I was debating 3 1/2 to 4 stars. It was an interesting book, but not quite of the traditional biographical vein. I had been expecting to learn about the perfumer rather than read about his passion, but I cannot say that I did not enjoy myself.

It was nice to have a closer look at Marie Antoinette. But other than the usual fare about her majesty (her dresses, the lesbian rumors, her 'affair' with Count Axel de Fersen, the Affair of the Neckless), there isn't anything new to read about. Fargeon li
Max Renn
An admirable attempt to reframe the french revolution from the perspective of one specific and actual everyman, this one of the bourgeois artisanal class.

Unfortunately much of this relatively slender volume is taken up with history better covered elsewhere. Anecdotes regarding Marie Antoinette are par for the course and provide no real insight there. What saves this book (and elevates it to 4 stars) is the particulars regarding the art of perfumery as practiced in this time. Descriptions of pro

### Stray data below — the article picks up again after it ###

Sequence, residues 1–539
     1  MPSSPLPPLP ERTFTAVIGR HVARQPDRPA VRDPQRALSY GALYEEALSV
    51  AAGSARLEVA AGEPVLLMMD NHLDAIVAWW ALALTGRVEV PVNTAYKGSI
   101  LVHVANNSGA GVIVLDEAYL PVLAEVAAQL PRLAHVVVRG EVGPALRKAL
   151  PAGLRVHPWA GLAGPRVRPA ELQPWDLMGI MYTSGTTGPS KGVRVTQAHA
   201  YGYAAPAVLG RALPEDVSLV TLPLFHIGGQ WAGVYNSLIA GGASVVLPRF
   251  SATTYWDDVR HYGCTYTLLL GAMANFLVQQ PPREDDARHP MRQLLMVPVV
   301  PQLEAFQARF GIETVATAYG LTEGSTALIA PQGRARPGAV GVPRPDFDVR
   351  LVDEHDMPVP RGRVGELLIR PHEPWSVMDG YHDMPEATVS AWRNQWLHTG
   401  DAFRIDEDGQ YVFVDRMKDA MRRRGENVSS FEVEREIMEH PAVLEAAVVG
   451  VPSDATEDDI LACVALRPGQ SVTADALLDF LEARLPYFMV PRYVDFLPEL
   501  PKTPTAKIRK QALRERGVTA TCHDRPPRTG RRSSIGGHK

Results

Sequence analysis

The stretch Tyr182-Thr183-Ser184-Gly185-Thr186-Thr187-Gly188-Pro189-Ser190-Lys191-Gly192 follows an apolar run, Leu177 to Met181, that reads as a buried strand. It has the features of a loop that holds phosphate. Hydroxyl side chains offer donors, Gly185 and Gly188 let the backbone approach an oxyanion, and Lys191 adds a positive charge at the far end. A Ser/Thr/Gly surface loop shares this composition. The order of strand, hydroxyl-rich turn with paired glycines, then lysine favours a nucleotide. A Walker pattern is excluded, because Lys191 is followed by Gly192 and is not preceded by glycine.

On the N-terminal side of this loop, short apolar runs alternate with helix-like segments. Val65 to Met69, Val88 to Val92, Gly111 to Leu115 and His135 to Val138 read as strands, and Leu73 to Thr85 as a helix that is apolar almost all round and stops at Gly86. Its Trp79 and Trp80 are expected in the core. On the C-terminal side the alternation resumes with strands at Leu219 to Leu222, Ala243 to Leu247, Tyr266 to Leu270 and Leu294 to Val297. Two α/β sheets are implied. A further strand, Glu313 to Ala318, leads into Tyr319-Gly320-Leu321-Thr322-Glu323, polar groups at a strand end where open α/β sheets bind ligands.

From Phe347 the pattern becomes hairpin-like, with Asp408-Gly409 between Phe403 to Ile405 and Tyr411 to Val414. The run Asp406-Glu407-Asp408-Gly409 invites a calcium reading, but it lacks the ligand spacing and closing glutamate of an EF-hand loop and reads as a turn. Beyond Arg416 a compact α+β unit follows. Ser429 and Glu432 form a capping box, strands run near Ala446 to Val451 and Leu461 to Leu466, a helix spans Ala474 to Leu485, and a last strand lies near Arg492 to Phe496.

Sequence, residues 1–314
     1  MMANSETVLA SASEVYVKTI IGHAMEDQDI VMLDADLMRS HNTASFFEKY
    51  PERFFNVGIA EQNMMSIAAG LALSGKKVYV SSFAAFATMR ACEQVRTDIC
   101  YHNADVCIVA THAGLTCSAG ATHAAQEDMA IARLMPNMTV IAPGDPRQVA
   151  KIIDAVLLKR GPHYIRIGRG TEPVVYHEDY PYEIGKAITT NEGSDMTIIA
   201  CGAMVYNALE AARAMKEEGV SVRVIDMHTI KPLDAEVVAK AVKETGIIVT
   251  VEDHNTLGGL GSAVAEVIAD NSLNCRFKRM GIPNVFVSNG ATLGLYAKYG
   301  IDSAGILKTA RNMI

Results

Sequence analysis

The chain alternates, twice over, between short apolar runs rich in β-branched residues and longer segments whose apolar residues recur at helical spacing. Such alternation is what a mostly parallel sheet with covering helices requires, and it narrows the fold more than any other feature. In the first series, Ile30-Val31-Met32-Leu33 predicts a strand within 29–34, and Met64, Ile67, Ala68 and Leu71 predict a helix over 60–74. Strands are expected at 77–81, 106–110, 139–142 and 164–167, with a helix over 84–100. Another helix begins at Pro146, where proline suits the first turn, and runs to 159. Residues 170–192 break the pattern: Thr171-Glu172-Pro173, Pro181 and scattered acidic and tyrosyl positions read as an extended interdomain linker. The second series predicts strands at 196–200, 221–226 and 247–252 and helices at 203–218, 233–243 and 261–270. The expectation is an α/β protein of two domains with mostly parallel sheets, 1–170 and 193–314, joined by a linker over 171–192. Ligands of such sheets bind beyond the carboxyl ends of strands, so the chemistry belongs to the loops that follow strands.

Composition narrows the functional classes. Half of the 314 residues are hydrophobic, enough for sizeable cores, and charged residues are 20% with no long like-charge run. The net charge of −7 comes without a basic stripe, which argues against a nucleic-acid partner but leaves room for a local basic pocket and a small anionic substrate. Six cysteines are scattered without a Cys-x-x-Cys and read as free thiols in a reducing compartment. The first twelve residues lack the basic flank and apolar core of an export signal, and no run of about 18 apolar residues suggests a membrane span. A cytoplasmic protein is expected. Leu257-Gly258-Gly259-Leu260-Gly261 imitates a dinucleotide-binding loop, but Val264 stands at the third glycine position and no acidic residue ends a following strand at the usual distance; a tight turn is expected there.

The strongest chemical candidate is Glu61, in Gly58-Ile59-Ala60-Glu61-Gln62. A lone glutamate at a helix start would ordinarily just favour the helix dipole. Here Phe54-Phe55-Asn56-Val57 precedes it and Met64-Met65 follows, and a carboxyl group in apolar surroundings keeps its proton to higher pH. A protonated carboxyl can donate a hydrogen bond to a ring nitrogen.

I read this book based on a review in Judith Thurman's "Cleopatra's Nose." The subtitle suggests much more intrigue than the book offers, and suggest that the subject, the perfumer Fargeon, plays a much larger role. In truth this book is a solid and quick overview of the summtuary habits at Versailles with Fargeon as a kind of literary device that the author relates back to. It is an interesting angle to the history of the Queen of France and the revolution, and the author makes much of Fargeon' ...more
Louise Culmer
interesting biography of the man who supplied perfume and cosmetics to the French nobility, including Marie Antoinette. perhaps surprisingly, considering his trade, he was a staunch Republican, which helped him to survive the Revolution, even after he came under suspicion for having traded with aristocrats. One of the most interesting aspects of the book is the details of how he worked, and particularly his wife's involvement in the business. A sometimes overlooked aspect of life in pre industri ...more